Are Cultural Stereotypes Clouding Your Judgment?
WHY YOU SHOULD CARE
Because you only think you know whom you’re dealing with.
By Tracy Moran
With an eye on a beautiful Berber rug, I go in low, offering $300. The Moroccan trader gasps, and so the negotiating begins. Try bargaining like that in Covent Garden and you’ll win nothing but a dirty look.
Smart tourism or stereotypical mischief? A recent study suggests that people may alter their use of ethically questionable tactics when negotiating with someone from another country, so these same kind of perceptions can also affect business. Researchers from Cambridge University, ShanghaiTech University and the University of Illinois looked at 810 adults from the United States and China to determine how likely they were to use ethically questionable tactics, like lying or offering bribes, depending on their counterparts. Americans, they found, were more likely to employ ethically fuzzy tactics if they thought they were dealing with someone from China. Chinese negotiators, meanwhile, were less likely to engage in less ethical strategies with an American and more likely to do so with countrymen.
Stereotypes and reputations we know of different countries influence how [we] will act.
David De Cremer, Cambridge University
The point isn’t to shame a nationality but to illustrate that “stereotypes and reputations we know of different countries influence how [we] will act,” says Cambridge University professor David De Cremer, noting how folks quickly assimilate to stereotypes. From the Americans’ perspective, this is based on “a belief that the Chinese, over all, are more unethical,” and by giving into these presumptions, he warns, we’re reinforcing stereotypes that aren’t necessarily true.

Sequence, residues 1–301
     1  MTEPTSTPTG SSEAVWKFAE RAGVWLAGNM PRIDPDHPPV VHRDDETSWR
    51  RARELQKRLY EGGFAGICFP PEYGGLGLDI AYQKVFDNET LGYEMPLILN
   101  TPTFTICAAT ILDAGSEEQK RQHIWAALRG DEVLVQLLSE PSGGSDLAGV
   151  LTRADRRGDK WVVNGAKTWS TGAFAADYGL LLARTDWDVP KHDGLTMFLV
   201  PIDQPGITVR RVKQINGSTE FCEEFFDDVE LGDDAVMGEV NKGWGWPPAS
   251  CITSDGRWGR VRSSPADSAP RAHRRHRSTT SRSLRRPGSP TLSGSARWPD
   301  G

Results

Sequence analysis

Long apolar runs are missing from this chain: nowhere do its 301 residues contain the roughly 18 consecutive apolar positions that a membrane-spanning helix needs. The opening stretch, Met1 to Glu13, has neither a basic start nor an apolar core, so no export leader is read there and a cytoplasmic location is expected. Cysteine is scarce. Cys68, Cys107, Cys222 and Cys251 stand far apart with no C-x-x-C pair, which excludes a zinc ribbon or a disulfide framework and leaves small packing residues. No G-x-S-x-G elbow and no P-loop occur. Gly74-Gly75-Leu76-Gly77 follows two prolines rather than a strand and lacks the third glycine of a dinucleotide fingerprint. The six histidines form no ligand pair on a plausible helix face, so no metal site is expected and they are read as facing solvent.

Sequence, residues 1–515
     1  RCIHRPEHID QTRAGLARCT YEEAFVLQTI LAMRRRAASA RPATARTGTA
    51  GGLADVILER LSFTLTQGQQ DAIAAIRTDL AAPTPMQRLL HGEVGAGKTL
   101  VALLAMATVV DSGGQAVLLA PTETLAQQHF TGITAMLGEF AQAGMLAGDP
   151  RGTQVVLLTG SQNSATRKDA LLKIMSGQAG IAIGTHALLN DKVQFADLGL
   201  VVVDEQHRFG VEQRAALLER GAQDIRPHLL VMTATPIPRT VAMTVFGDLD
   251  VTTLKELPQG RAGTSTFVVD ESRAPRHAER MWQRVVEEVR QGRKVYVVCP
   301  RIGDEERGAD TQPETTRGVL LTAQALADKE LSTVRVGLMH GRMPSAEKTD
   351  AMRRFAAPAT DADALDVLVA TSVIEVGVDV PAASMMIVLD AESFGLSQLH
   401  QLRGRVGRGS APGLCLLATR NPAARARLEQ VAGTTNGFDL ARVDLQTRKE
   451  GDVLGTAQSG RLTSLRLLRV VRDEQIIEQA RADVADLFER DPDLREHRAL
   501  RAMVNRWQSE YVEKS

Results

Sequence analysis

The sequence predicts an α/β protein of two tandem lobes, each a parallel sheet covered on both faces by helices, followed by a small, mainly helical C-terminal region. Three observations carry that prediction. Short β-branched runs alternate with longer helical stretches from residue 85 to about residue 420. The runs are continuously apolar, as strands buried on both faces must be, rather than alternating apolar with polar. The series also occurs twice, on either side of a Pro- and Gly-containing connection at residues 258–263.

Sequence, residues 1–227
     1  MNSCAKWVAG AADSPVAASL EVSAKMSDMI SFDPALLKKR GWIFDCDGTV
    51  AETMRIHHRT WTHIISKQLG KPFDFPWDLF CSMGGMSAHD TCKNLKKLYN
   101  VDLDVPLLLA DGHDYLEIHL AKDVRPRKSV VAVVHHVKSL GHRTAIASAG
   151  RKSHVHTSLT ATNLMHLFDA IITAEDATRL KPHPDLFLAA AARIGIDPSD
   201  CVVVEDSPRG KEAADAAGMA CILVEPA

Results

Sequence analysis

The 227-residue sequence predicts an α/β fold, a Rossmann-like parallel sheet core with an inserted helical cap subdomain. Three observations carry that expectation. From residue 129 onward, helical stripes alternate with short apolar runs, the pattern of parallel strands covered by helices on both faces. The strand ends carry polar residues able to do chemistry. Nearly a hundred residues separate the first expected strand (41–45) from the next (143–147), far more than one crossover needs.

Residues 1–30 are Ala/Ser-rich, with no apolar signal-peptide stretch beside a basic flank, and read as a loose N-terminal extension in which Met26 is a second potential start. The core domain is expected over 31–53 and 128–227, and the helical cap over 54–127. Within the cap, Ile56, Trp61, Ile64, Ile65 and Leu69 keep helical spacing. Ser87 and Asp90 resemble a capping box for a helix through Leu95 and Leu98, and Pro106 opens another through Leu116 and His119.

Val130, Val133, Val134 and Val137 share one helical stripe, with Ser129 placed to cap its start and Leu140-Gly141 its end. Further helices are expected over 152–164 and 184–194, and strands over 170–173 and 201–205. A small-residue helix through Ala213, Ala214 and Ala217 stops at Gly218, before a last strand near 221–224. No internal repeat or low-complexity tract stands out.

“But my rug trader expects to haggle,” I think, and I get a similar response from James McGregor, Greater China chairman for APCO Worldwide in Shanghai. “China has its own way of doing things,” he says, noting his disagreement with the use of the word “ethical.” He sees it more as an issue of trust. Both De Cremer and McGregor stress that relationship building is essential in China. In the U.S., thanks to a formidable legal framework, “we start out with 100 percent trust,” McGregor explains. But China hasn’t traditionally used the courts like this, so you “start with the basis of zero trust.”
McGregor would “never offer what you consider to be a fair deal” in the first round, because Chinese counterparts are “going to think that you’re offering a very unfair deal.” They expect to negotiate you back from that position, he says, and he doesn’t see this as unethical so much as dealing with different cultures and learning how people operate. De Cremer is planning to delve deeper into why Chinese participants were apt to use less ethical techniques with countrymen. But McGregor notes that Chinese negotiators likely assume that Americans, thanks to the Foreign Corrupt Practices Act, are legally forbidden from engaging in shenanigans. “So that comes off the table,” he says, “whereas if you’re from a Taiwan or a Hong Kong firm, they have a lot more wiggle room.”
People often argue that you can’t do business in a culture if you don’t adapt, De Cremer says. But that means they’re saying “how we do business depends on where we are,” rather than sticking to one’s own ethical framework.